The apps also offered a way for workers to make money on the side. This was a great idea for a depressed economy where wages had stagnated and housing costs skyrocketed.

But the sharing economy mutated quickly. Far from solving these class problems, it now only seems to be exacerbating them.

Airbnb has faced backlash for damaging local economies. What started as an innocent way for users to rent a spare room has become a platform for wealthy landowners to rent out full properties as vacation rentals. This drives up real estate markets and pushes local hoteliers out of business. The sharing economy isn’t what it sounds like.

Cities Fight Back Against Airbnb

In New York City, Airbnb’s biggest market, 30 percent of all “homeshares” are actually listed by commercial entities, not individual homeowners. Instead of renting apartments at market rates, these landlord companies are Airbnbing units as short term vacation rentals. That makes affordable housing even scarcer in a city where it’s already close to nonexistent. What are these “sharing economy” vanguards actually sharing?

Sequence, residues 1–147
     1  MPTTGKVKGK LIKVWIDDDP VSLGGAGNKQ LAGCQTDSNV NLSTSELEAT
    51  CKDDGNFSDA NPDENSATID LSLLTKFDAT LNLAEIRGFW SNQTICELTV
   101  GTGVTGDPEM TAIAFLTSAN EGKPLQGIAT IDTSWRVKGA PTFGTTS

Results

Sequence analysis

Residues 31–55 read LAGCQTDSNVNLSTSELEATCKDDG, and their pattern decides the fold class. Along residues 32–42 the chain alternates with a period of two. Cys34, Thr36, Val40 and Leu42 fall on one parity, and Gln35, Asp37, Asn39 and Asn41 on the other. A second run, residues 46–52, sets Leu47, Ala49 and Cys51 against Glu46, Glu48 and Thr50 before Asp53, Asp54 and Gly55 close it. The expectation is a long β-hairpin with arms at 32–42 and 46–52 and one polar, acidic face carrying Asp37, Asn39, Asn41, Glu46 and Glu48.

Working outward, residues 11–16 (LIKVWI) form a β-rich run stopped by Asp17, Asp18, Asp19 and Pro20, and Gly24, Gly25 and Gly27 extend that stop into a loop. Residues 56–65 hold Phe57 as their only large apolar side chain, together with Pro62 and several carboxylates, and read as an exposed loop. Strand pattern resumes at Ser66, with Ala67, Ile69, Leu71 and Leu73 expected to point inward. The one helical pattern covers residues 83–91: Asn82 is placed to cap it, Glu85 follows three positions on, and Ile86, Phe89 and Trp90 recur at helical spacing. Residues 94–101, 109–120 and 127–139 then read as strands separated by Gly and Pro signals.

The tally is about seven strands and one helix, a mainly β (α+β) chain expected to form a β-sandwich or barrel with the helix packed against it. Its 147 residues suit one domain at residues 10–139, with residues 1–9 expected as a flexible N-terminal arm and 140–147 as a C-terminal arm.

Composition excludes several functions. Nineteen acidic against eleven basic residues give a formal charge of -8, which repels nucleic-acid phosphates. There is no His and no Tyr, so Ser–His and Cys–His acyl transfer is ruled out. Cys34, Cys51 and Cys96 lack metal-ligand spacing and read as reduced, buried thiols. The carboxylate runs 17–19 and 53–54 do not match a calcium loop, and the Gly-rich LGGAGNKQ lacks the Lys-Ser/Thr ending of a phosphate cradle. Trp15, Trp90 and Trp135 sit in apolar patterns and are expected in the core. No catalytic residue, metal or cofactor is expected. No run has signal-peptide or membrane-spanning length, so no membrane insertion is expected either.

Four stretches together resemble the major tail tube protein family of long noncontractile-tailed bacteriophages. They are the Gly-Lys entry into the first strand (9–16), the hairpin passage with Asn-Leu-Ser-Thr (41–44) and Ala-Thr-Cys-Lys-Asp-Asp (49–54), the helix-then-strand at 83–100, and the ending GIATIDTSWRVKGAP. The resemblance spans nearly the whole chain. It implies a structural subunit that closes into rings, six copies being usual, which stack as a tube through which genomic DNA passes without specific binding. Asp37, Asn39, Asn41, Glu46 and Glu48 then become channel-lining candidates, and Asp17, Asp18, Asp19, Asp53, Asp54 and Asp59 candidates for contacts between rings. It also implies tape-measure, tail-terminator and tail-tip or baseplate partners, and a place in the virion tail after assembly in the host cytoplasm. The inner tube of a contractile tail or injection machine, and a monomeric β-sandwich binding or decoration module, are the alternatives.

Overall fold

About half of all New York Airbnb listings violate city laws. But many of those include listings by private individuals who are using the app the way it was originally intended–subletting their apartment for a week when they’re on vacation, for example, in the original sharing economy spirit. As New York cracks down, fines are going to the users, not the app.

Airbnb has also been shown to accelerate gentrification. It floods neighborhoods with its 80 percent white demographic, and fills residential buildings, often those with working class “charm,” as though they were hostels, to the dismay of legitimate residents.

San Francisco and Barcelona are also enforcing new Airbnb laws to combat the damage the aggressive sharing economy avatar is wreaking on local housing and hotel markets.

Airbnb

An anti-Airbnb poster in San Francisco’s Chinatown

In the Sharing Economy, You Can Work As Much As You Want

Like the “rideshare” platform Uber, whose brand seems to include accumulating terrible press by any means necessary, sharing economy apps like TaskRabbit or Amazon’s Mechanical Turk outsource small jobs to contractors not formally employed by the corporation. The presumed benefit of this kind of work is its flexibility. A house cleaner working for TaskRabbit can set their own hours, and work as much or as little as they want.

The problem is, because workers don’t have access to liveable wages even when they’re formally employed at a regular job, these sharing economy “side jobs” are not the luxurious monetizing of one’s down time that Silicon Valley billionaires would like you to believe. Many Uber drivers work round the clock trying to stay ahead of the fact that every mile they drive costs them money, too.